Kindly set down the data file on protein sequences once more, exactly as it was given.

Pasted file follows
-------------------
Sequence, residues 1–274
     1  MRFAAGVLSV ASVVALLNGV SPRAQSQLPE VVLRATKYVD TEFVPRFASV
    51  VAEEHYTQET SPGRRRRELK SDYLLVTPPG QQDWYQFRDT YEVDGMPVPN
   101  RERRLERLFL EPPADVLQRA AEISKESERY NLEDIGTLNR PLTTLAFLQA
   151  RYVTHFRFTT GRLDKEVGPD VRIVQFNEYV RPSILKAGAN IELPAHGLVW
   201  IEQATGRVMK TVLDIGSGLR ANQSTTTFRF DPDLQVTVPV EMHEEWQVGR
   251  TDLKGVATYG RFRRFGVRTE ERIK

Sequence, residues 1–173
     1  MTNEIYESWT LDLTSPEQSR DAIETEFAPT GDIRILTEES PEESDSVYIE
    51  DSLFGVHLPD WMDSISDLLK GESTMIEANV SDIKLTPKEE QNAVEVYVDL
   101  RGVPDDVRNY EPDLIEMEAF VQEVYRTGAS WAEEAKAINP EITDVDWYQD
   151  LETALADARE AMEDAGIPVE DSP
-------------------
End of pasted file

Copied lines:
Sequence, residues 1–274
     1  MRFAAGVLSV ASVVALLNGV SPRAQSQLPE VVLRATKYVD TEFVPRFASV
    51  VAEEHYTQET SPGRRRRELK SDYLLVTPPG QQDWYQFRDT YEVDGMPVPN
   101  RERRLERLFL EPPADVLQRA AEISKESERY NLEDIGTLNR PLTTLAFLQA
   151  RYVTHFRFTT GRLDKEVGPD VRIVQFNEYV RPSILKAGAN IELPAHGLVW
   201  IEQATGRVMK TVLDIGSGLR ANQSTTTFRF DPDLQVTVPV EMHEEWQVGR
   251  TDLKGVATYG RFRRFGVRTE ERIK

Sequence, residues 1–173
     1  MTNEIYESWT LDLTSPEQSR DAIETEFAPT GDIRILTEES PEESDSVYIE
    51  DSLFGVHLPD WMDSISDLLK GESTMIEANV SDIKLTPKEE QNAVEVYVDL
   101  RGVPDDVRNY EPDLIEMEAF VQEVYRTGAS WAEEAKAINP EITDVDWYQD
   151  LETALADARE AMEDAGIPVE DSP